Show Summary Details

Page of

Printed from Oxford Research Encyclopedias, Literature. Under the terms of the licence agreement, an individual user may print out a single article for personal use (for details see Privacy Policy and Legal Notice).

date: 23 July 2024

Howells, William Deanlocked

Howells, William Deanlocked

  • Susan Goodman


William Dean Howells was a consummate man of letters. Novelist, poet, playwright, memoirist, critic—this author of well over one hundred books also edited the leading magazines of his day: the Atlantic Monthly (1871–1881) and Harper's (“The Editor's Study,” 1886–1892, and “The Editor's Easy Chair,” 1900–1920. The years following the Civil War have been called the Age of Howells for several reasons. He helped to define and advocated a type of writing known as literary realism and he promoted the careers of many of the authors still associated with that movement. Sarah Orne Jewett, Samuel Clemens, Henry James, Edith Wharton, Hamlin Garland, Stephen Crane, Charles Chesnutt, and Paul Laurence Dunbar are just a few of the dozens of American writers he reviewed and in some cases introduced to the reading public. The number of European novelists is almost as long. He had a voracious interest in the literatures of other countries—reading, for example, Leo Tolstoy's novels in French translation or learning Spanish to read Cervantes in his own language. From his reviews, many Americans first learned about Thomas Hardy, Émile Zola, Henrik Ibsen, and Ivan Turgenev. He welcomed to the United States people as varied as Matthew Arnold, the British poet and critic of culture, and Maxim Gorky, the radical Russian novelist.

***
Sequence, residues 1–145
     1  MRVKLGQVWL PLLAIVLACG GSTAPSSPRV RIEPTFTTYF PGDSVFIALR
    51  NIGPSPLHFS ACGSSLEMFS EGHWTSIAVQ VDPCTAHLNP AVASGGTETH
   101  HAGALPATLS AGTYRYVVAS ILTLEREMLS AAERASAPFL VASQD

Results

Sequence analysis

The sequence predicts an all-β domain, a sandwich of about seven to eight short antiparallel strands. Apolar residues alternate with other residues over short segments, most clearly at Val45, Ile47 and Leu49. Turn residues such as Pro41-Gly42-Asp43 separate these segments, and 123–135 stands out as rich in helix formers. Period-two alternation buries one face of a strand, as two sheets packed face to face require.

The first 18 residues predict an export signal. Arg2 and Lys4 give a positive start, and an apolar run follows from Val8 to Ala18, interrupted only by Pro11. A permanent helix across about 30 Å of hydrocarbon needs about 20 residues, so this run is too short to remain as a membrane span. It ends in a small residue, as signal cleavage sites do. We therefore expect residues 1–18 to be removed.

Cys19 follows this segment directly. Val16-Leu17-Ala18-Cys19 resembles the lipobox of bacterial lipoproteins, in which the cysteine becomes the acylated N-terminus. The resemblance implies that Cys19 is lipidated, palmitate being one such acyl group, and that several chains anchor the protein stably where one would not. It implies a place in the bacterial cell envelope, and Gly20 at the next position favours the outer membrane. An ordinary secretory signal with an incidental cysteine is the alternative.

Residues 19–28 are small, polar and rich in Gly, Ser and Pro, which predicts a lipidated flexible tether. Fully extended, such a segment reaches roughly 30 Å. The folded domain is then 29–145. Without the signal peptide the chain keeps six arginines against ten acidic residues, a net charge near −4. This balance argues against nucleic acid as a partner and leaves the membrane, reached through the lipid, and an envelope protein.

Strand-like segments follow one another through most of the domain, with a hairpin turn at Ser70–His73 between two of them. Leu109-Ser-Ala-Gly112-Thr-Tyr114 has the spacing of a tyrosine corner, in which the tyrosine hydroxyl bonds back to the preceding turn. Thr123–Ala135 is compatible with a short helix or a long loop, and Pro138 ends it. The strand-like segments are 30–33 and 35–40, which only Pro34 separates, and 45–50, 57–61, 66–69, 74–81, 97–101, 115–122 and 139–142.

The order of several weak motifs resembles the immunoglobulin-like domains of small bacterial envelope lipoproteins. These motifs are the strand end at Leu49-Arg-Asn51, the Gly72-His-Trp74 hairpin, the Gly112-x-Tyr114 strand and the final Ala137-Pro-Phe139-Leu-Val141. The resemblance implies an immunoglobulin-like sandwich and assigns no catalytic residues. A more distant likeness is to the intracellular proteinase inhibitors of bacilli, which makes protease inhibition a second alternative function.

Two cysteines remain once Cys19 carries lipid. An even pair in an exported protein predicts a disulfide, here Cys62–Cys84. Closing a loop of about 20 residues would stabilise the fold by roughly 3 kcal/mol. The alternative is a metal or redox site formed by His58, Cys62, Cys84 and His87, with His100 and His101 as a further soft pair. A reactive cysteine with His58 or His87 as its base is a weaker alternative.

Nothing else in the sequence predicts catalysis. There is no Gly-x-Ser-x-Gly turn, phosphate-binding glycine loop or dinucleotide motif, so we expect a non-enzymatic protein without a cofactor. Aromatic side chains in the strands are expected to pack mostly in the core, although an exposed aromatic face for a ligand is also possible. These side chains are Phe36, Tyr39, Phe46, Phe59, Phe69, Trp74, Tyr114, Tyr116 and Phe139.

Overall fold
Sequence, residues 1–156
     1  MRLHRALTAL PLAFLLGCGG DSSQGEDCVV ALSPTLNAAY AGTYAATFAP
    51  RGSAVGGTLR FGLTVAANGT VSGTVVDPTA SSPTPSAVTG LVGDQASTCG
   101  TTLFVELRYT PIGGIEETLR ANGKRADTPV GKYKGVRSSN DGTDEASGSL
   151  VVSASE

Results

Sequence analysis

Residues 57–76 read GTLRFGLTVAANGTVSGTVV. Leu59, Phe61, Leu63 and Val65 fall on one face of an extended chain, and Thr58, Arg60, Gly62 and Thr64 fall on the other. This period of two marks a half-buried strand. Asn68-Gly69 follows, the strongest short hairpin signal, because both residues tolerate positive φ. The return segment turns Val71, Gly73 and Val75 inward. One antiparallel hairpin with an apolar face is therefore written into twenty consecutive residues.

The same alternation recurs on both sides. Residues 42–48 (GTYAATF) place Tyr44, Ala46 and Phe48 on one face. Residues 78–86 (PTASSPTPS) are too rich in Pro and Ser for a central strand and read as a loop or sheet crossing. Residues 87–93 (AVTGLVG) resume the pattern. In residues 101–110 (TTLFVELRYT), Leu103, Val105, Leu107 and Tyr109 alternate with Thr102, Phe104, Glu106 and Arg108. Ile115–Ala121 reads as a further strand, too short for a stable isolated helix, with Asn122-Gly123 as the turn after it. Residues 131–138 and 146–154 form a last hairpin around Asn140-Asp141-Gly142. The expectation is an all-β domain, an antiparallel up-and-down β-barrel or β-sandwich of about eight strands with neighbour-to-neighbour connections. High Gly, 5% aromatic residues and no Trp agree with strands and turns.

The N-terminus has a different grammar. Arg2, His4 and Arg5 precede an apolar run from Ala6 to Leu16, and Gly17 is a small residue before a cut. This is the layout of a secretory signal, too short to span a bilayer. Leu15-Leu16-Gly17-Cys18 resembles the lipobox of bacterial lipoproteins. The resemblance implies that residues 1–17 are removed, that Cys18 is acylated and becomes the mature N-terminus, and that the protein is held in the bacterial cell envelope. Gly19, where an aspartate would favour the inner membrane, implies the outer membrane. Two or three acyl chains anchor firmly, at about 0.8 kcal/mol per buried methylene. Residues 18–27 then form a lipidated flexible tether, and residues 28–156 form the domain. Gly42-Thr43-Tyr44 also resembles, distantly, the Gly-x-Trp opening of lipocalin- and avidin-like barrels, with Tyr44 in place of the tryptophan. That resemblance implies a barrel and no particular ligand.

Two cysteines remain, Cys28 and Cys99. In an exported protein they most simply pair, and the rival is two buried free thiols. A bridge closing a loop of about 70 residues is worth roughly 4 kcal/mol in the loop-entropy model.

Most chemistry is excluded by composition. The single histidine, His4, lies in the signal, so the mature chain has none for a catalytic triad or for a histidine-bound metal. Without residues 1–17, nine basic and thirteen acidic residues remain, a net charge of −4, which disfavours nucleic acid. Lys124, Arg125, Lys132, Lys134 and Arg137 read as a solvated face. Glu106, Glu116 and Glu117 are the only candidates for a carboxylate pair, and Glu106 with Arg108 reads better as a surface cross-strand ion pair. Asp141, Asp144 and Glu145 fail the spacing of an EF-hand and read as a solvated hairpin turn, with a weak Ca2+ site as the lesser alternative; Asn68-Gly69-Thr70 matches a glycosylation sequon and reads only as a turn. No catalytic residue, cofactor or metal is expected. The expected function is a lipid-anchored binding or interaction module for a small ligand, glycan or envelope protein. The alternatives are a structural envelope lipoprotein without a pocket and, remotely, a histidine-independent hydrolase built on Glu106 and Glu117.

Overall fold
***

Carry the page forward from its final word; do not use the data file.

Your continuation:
• North American Literatures

You do not currently have access to this article


Please login to access the full content.


Access to the full content requires a subscription